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First meeting of treaty on genetic resources for agriculture opens today
Diouf: Madrid gathering a "historic event"
12 June 2006, Madrid – Representatives of 100 countries gathered today in the Spanish capital for a ceremony inaugurating the first-ever meeting of the Governing Body of the International Treaty on Plant Genetic Resources for Food and Agriculture, promoted by FAO.

The event was attended by María Teresa Fernández de la Vega, Spain's First Deputy Prime Minister, Elena Espinosa, Spain's Minister of Agriculture, Fisheries and Food, FAO Director-General Jacques Diouf and other dignitaries.

"This is a historic event, crowning many years of hard work. A treaty of crucial importance to humanity has been brought into being," said Diouf, describing the treaty as "the first major international instrument of the 21st century and the third millennium."

Negotiated under the aegis of FAO, it entered into force as a legally-binding instrument in June 2004 after a long negotiation process that began in the 1970s. Currently the treaty has 104 signatory States.

"The conservation and sustainable use of genetic resources for food and agriculture are sine qua non conditions for food security and poverty eradication, particularly in the rural world," Diouf said, noting that currently some 854 million people suffer from hunger and malnutrition worldwide, with a resulting annual death toll of 15 million human lives.

In his comments the FAO chief stressed that combating hunger and poverty should be the primary goals of international policies related to plant genetic resources. "This is an ethical imperative -- access to adequate food is a basic human right," he said.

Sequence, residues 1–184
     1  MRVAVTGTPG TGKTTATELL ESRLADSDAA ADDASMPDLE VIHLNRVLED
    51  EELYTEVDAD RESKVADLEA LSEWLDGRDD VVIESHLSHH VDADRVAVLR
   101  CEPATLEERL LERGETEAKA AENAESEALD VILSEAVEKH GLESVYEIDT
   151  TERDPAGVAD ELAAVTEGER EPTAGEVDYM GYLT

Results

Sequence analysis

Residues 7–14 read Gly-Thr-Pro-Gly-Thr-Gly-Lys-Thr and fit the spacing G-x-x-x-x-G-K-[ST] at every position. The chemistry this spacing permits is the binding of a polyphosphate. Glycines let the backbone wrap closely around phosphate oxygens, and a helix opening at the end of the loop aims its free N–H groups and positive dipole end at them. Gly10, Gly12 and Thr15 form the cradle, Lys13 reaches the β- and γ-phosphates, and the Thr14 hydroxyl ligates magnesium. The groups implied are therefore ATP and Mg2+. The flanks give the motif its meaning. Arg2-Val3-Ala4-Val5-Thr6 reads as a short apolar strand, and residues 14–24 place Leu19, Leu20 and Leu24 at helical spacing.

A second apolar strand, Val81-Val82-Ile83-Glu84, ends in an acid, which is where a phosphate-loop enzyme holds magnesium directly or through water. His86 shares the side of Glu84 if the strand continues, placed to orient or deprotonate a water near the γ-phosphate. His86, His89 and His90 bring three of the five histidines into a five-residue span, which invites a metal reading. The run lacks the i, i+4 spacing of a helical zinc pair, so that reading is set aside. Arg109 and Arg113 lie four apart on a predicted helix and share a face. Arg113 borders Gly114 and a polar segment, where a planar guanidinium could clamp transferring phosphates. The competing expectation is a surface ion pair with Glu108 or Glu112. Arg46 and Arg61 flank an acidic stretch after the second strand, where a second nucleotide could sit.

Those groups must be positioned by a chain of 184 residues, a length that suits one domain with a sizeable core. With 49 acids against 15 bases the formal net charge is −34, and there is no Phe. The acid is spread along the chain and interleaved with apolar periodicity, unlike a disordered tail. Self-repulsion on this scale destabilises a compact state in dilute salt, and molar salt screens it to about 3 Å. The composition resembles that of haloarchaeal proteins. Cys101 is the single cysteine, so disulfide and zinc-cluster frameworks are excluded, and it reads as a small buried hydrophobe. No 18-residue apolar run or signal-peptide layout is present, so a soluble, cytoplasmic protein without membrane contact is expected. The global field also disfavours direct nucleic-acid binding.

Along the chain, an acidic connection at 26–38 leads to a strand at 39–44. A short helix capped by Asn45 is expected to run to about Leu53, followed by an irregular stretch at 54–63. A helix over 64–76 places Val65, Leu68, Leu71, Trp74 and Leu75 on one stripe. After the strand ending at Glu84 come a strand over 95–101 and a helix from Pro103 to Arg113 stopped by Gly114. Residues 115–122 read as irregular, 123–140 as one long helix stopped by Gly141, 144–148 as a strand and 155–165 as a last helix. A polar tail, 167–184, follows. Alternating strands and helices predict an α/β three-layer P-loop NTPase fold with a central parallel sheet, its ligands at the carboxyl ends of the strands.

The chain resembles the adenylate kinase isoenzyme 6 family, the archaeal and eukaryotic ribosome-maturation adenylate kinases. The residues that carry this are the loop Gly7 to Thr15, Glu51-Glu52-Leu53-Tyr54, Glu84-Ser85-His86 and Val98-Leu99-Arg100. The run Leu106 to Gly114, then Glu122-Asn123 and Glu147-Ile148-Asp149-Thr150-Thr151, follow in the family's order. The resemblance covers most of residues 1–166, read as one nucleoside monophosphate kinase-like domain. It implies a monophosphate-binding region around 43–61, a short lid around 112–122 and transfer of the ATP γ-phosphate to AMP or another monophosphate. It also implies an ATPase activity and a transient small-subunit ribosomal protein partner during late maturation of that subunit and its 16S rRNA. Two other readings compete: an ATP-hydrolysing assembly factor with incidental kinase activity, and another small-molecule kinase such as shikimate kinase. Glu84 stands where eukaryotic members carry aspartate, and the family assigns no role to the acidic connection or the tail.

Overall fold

From theory to practice

Diouf called on the governments present at today's inaugural to cooperate in order to ensure that the treaty lives up to its full potential as a tool for increasing food production and improving food quality. He added that the agreement allows for the fair and equitable sharing of benefits derived from crop diversity and also serves as a mechanism for strengthening North-South cooperation.

At this first meeting of the treaty's governing body a number of major decisions regarding its implementation are on the table, including financial strategies, access to plant genetic resources and the rights of farmers to a share of the benefits deriving from their use.

Diouf also appealed to delegates attending the "Ministerial Segment" of the meeting, which starts on Tuesday 13 June, to marshal "the political will to make it possible to build up a productive and innovative future for the treaty," urging them to ensure that their national plans, programmes and legislation reflect its objectives and provisions as well as development assistance priorities.


Contacts:
Germán Rojas
Information Officer, FAO
german.rojas@fao.org
(+39) 348 870 46 41

Iñigo Alvarez
Information Officer, FAO
inigo.alvarez@fao.org
(+39) 346 245 49 05

Contact:

Germán Rojas
Information Officer, FAO
german.rojas@fao.org
(+39) 348 870 46 41

Iñigo Alvarez
Information Officer, FAO
inigo.alvarez@fao.org
(+39) 346 245 4905

FAO/18348/P. Cenini

Genetic diversity in agriculture is crucial for food security.

Documents

Fact sheets on genetic resources in agriculture (pdf)

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First meeting of treaty on genetic resources for agriculture opens today
Diouf: Madrid gathering a "historic event"
12 June 2006 – Representatives of 100 countries gathered today in the Spanish capital for a ceremony inaugurating the first-ever meeting of the Governing Body of the International Treaty on Plant Genetic Resources for Food and Agriculture, promoted by FAO.
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